Spray polyurethane foam (SPF) sales topped $1 billion in 2015 by most estimates after another solid year of growth due to increased activity in construction and home improvement projects.
Manufacturers reported some 460 million to 490 million pounds of SPF, which is used for roofing and insulating, were sold last year in the U.S. and Canada, according to Rick Duncan, technical director of the Spray Polyurethane Foam Alliance (SPFA) of Fairfax, Va. At a cost of roughly $2.25 a pound, SPF reached the milestone of being a $1 billion market in 2015.
“It's difficult to give precise numbers but we've been seeing continued strong growth over the last decade,” Duncan said in a telephone interview, noting that the American Chemistry Council helps track sales by pounds of SPF chemicals sold and not dollars.
Duncan said he is still waiting for final numbers but it looks like residential insulation applications drove sales growth again.
“I have year-over-year data from 2013 to 2014 and we're seeing growth on the residential side on average of about 15 percent. If you go back to 2013 over 2012 it's about the same, about 16 percent,” Duncan said. “When you look at the housing market and the construction market, it's not growing at that rate so we're getting a lot of retrofit and we're gaining market share.”
SPF competes mostly against fiberglass and cellulose for residential uses, and against foam boards on the commercial side in the U.S. insulation market, which is projected to grow 6.6 percent a year through 2019 to $10.3 billion, according to Freedonia Group Inc., a Cleveland-based industry market research firm.
“Fiberglass and foamed plastic are by far the most prevalent types of insulation, together accounting for 93 percent of the market by value,” Freedonia analyst Nick Cunningham said in a news release.
Fiberglass will remain the market leader by weight, he added, pointing to a forecast that shows demand reaching 4.5 billion pounds valued at $4.9 billion in 2019. Demand for foamed plastic insulation is projected to grow to 2.4 billion pounds valued at $4.7 billion in 2019.
Unvented attics popular
The use of SPF in residential attics is one application that's on the rise. Homes have been built with ventilated attics — usually screened vent holes under the eaves — for centuries to allow warm air and moisture to escape and to keep the roof cold in the winter, which stops the formation of ice dams.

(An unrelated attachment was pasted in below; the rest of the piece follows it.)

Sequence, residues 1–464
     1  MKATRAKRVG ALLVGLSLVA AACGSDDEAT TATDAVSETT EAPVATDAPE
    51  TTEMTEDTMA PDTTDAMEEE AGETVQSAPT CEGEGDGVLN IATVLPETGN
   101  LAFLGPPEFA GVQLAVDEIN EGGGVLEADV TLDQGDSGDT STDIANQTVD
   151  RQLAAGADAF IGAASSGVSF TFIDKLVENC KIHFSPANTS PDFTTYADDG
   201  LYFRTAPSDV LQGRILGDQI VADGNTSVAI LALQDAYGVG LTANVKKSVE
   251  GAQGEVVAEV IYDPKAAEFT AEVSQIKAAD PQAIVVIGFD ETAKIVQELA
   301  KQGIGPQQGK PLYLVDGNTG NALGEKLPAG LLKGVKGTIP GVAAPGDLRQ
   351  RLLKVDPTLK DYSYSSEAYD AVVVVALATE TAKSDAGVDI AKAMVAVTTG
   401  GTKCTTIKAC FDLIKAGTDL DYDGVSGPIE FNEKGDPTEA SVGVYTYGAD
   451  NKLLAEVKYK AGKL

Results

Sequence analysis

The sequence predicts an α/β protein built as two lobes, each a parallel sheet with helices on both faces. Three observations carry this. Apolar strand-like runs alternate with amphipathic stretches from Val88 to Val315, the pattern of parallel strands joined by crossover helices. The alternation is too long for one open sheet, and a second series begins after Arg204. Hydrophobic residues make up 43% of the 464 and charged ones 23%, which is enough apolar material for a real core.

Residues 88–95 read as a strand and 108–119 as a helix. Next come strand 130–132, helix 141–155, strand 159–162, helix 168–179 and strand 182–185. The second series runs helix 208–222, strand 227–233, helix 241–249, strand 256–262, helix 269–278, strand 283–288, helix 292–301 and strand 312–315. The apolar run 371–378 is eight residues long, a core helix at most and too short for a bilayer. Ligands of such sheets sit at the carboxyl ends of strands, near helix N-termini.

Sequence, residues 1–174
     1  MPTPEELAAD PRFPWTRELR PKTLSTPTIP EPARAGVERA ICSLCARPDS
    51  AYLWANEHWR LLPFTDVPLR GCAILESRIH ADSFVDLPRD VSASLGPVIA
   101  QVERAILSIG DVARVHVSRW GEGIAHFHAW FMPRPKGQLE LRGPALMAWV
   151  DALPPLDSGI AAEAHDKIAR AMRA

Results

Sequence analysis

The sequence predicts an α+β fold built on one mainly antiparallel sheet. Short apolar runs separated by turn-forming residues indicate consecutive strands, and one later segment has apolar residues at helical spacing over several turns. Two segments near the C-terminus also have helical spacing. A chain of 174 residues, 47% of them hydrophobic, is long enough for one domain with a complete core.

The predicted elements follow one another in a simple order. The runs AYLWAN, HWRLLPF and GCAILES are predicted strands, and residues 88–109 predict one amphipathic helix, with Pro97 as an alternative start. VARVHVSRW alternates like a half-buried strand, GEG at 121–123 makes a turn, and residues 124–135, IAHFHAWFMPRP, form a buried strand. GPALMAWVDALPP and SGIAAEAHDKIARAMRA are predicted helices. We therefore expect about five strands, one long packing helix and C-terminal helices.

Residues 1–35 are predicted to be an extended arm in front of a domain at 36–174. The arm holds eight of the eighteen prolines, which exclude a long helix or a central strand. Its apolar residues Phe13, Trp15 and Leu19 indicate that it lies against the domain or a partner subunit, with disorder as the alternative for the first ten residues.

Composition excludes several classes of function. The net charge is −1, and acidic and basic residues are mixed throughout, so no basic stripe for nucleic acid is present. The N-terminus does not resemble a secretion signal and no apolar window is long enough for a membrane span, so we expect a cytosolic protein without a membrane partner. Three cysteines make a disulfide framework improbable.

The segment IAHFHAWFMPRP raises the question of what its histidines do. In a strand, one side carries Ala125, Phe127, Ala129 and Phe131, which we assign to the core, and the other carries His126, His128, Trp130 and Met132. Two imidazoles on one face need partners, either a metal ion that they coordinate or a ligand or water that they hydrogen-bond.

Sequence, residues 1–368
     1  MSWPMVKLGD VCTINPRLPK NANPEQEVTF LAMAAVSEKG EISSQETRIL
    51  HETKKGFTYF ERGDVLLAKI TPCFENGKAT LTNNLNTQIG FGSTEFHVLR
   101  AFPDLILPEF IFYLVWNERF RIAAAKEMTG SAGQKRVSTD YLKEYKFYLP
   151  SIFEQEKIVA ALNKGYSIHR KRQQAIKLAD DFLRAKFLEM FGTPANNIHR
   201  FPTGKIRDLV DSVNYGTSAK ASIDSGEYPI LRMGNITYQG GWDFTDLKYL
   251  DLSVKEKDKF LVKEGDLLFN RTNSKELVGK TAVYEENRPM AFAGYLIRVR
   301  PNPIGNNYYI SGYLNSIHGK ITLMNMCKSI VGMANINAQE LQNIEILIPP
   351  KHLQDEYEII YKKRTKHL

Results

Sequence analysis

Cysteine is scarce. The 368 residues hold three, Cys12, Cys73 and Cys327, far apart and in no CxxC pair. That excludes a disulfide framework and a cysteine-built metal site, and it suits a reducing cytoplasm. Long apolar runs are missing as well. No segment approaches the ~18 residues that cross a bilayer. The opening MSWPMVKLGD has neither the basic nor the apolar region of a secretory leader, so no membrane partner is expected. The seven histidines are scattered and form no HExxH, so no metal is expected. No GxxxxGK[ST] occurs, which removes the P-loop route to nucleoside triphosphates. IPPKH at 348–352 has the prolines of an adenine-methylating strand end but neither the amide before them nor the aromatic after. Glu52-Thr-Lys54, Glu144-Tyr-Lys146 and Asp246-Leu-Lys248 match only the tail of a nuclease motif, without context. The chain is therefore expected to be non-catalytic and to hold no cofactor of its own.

However, the acceptance of unvented, conditioned attics has been increasing since 2006, when the International Residential Code started permitting them, partly in response to builders wanting to locate HVAC equipment up there. SPF is one of the building products used to turn attics into conditioned spaces so HVAC systems can operate efficiently and, when installed to code, homeowners can pick up storage area that's about the same temperature as the rest of the house.
SPF comes in open- or closed-cell foams and either can be used for unvented attics. Closed-cell SPF, which is more rigid and stronger, often is recommended for the pitched part of the roof.
“Insulation is put right under the roof deck in the pitched part of the roof and spray foam is best for that because it adheres and stays in place,” Duncan said. “There are tens of thousands of homes now insulated that way and it can save about 10 to 15 percent on your heating and cooling costs. That's pretty substantial. And for places like Florida, California and Texas, where you have no basements, it adds a conditioned storage space to the house and people really like that. You can put stuff up there without worrying about candles melting or things getting ruined by the heat.
“Unvented attics have really helped our industry when we talk about that 15 percent growth. We're seeing that a lot of homeowners are using unvented attics as a retrofit.”
Sales of SPF for home improvement projects are strong enough to outweigh uncertainties about new home construction, Duncan added.
“We're seeing some information that the housing market is getting better and then we see other reports that it is not,” he said. “We're not too concerned because we're seeing a lot of growth from retrofit. People are staying in existing homes and saying let me make my house more efficient. How can I do that? And SPF in the attic is the easy way.”
Roof benefits, too